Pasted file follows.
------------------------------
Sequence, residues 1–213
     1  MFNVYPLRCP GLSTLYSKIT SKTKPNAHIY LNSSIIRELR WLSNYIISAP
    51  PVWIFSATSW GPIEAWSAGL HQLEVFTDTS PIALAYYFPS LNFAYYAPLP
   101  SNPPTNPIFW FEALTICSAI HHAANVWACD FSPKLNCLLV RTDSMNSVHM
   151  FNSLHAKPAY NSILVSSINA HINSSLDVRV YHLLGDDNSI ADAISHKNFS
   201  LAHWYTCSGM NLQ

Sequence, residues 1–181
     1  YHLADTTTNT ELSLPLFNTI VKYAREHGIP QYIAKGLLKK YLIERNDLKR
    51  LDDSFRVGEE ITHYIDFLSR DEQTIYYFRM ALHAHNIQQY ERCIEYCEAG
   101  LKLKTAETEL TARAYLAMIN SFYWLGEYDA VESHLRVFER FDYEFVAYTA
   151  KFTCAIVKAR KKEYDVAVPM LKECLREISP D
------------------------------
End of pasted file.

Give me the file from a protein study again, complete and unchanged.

Sequence, residues 1–213
     1  MFNVYPLRCP GLSTLYSKIT SKTKPNAHIY LNSSIIRELR WLSNYIISAP
    51  PVWIFSATSW GPIEAWSAGL HQLEVFTDTS PIALAYYFPS LNFAYYAPLP
   101  SNPPTNPIFW FEALTICSAI HHAANVWACD FSPKLNCLLV RTDSMNSVHM
   151  FNSLHAKPAY NSILVSSINA HINSSLDVRV YHLLGDDNSI ADAISHKNFS
   201  LAHWYTCSGM NLQ

Sequence, residues 1–181
     1  YHLADTTTNT ELSLPLFNTI VKYAREHGIP QYIAKGLLKK YLIERNDLKR
    51  LDDSFRVGEE ITHYIDFLSR DEQTIYYFRM ALHAHNIQQY ERCIEYCEAG
   101  LKLKTAETEL TARAYLAMIN SFYWLGEYDA VESHLRVFER FDYEFVAYTA
   151  KFTCAIVKAR KKEYDVAVPM LKECLREISP D